The Jesuit Massacre Trial 2020

Daily Trial Briefing #02 - Session Notes

SPANISH NATIONAL CRIMINAL COURT

CRIMINAL CHAMBER

SECOND SECTION

 

Before:          Magistrate José Antonio Mora Alarcon (President)

Before:          Magistrate Fernando Andreu Merelles
Before:          Magistrate María Fernanda García Pérez

CASE NO. 97/2010
THE JESUIT MASSACRE TRIAL

 

Public Prosecutor:     Teresa Sandoval

Private Prosecutor:    Manuel Ollé
                                      Almudena Bernabéu
                                      José Antonio Martín Pallín

Defence Counsel:        Jorge Agüero Lafora for Inocente Orlando Montano
Date:                             Second Session 10 June 2020

Session Two

 

On 10 June 2020, the trial for the massacre of the six Jesuit priests and two women on 16 November 1989 in El Salvador resumed. At 10:00 a.m., the Second Session of the main trial commenced, with the remaining defendant, former Salvadoran Colonel and Vice Minister of Public Security, Inocente Orlando Montano, scheduled to testify. 

Prior to his statement, Montano’s defence raised a number of preliminary matters relating to the nationality of the victims, the expiration of the proscribed statute of limitation concerning criminal responsibility and further seeking the nullity of the proceedings due to the impartiality of the investigating judge, His Honour Judge Eloy Velasco. In addition, the counsel for the defence reiterated its opposition to the admissibility of certain witnesses previously proposed.

After hearing the other parties, who stressed that it was not the appropriate procedural moment to reiterate these issues and that they had already been ruled upon by the court, the Criminal Chamber of the Spanish National Court dismissed the interlocutory challenges and proceeded with the statement that was scheduled for the session.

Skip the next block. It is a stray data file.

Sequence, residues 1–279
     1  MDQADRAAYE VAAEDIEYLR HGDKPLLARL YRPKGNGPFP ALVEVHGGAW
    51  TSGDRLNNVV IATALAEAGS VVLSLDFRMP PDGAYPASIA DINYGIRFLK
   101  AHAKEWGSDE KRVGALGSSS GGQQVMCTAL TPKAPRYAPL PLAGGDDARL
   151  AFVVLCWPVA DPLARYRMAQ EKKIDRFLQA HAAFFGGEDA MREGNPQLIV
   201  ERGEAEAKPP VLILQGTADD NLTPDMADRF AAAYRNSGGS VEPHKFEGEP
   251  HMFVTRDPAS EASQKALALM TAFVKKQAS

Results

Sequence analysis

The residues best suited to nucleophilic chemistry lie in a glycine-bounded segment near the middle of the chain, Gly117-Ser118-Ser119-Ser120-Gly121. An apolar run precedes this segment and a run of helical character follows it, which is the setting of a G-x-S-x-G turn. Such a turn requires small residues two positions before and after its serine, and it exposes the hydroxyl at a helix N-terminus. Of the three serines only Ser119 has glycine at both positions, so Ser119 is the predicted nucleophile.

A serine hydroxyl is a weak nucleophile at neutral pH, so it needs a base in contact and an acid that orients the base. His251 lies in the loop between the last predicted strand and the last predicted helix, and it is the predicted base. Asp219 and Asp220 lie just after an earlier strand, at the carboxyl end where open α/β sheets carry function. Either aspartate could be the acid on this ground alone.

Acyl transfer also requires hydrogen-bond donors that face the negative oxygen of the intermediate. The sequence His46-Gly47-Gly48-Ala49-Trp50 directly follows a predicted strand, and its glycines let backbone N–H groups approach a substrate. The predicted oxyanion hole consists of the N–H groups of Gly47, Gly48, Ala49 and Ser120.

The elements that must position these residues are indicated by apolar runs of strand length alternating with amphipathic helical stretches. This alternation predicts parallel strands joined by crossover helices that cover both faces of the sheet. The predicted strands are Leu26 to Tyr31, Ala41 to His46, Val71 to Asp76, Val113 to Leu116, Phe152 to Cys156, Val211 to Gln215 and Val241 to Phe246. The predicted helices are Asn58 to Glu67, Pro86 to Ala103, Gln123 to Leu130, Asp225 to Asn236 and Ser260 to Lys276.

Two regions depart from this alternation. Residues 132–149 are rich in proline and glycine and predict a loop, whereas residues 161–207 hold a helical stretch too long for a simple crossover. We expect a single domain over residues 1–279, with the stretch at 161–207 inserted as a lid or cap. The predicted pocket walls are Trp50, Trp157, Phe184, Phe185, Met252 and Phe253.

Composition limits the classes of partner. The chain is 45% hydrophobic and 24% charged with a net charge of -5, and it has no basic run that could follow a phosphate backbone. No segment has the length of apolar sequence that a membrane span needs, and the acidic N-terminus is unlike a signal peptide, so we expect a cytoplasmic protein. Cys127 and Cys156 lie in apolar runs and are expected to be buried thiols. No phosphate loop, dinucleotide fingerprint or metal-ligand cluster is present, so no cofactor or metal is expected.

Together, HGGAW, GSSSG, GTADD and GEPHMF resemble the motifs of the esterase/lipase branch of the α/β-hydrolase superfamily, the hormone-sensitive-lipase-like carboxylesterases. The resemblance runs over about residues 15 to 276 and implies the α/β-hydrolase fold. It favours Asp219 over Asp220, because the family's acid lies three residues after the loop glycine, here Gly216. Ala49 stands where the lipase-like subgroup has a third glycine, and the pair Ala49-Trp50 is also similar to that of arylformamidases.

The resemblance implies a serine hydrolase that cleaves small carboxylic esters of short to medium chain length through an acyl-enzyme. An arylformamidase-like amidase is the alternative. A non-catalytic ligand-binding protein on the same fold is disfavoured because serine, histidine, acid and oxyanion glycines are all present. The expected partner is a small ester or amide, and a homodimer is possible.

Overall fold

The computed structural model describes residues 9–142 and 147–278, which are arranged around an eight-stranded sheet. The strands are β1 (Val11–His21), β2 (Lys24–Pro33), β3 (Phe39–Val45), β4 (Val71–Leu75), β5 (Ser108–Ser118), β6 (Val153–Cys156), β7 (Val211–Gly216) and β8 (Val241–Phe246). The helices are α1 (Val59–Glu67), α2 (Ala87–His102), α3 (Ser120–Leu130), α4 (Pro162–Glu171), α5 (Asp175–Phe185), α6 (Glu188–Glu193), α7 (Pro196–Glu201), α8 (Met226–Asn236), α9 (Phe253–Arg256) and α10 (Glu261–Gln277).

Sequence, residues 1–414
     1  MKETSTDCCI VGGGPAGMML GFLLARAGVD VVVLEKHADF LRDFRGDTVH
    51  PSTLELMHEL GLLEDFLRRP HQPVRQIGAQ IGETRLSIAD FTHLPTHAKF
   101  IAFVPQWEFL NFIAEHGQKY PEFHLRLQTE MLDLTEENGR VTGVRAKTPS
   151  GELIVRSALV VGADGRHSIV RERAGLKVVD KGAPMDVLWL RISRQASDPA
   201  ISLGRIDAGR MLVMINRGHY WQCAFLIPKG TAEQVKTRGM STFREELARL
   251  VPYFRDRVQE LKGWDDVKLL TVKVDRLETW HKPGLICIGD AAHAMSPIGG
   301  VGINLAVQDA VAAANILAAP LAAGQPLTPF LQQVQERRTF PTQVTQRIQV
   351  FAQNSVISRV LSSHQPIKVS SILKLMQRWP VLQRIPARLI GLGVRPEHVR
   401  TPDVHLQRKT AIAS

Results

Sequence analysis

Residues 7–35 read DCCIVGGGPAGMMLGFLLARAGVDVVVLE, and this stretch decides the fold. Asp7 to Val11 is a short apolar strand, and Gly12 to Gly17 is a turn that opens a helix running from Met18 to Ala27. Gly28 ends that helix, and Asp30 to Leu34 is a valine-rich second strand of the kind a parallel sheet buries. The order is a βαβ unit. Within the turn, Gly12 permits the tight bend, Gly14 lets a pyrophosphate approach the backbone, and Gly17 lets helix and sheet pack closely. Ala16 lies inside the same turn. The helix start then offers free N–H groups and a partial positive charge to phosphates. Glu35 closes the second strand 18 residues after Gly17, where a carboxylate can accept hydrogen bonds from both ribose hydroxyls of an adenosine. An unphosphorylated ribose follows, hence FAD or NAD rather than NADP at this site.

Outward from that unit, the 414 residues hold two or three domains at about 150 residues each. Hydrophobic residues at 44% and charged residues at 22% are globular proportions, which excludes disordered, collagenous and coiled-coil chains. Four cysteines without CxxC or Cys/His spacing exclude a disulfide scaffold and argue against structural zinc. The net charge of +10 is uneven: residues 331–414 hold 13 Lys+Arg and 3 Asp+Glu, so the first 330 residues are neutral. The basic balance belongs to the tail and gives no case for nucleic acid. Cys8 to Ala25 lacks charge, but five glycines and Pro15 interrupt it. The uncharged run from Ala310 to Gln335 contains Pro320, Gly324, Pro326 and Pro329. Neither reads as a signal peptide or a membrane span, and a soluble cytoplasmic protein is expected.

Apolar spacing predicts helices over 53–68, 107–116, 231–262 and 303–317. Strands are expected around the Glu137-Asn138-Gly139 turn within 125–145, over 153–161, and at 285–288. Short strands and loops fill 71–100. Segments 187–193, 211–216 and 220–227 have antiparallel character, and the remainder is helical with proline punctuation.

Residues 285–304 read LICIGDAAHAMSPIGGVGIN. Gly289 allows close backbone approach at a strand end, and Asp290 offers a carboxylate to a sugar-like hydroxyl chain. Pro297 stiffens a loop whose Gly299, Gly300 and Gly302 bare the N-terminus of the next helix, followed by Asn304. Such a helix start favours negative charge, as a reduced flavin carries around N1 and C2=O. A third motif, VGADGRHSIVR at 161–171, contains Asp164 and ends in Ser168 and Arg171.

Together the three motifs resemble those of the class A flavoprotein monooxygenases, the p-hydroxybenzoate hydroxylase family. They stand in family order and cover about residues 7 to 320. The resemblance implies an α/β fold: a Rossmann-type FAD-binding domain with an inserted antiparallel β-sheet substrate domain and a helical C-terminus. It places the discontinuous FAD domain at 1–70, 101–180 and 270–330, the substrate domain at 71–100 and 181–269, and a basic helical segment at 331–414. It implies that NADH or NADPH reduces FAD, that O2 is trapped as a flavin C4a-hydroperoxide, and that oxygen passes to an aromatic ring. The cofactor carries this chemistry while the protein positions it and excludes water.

The Presiding Magistrate, José Antonio Mora Alarcón, addressed the accused, Mr. Inocente Orlando Montano, to inform him of his rights and to enquire whether he intended to answer the questions of any, all or none of the parties.  The accused, without looking to the bench of the prosecution, decided to exclusively answer to his defence. The Lawyers of the Popular and Private Accusations reacted by requesting the Presiding Judge permission to, at least, orally state the questions that were to be put to the accused. The Chamber, after hearing the defence, refused the request on the basis that the mere physical or non-verbal reactions of the defendant to the questions could impair his right to not testify.

The testimony of Inocente Montano began with an account of the Government in El Salvador at the time of the events and of his position within it; as well as with a description of his duties as Vice Minister of Public Security. Montano focused his statement on reiterating that his powers were limited to “administrative tasks pertaining to public security”, linking his control exclusively to the “police forces” and distancing himself from the military forces. However, he acknowledged being a member of both the High Command and of the Tandona, which he defined as the 1966 promotion of the El Salvador Military School and whose members “coincidentally” ended up holding the main positions of power in the Salvadoran Armed Forces. When mentioning the Tandona, Montano did not refer to the specific interests and objectives of this hermetic group of 46 members regarding the political situation in El Salvador in 1989. 

Additionally, the defendant acknowledged, for the first time, the existence of “Los Maneques”, a well-known unit referred to as a death squad who were active in the 1980s and 1990s, referring to them as “a group of extreme right-wing civilians who handled the economy in El Salvador”.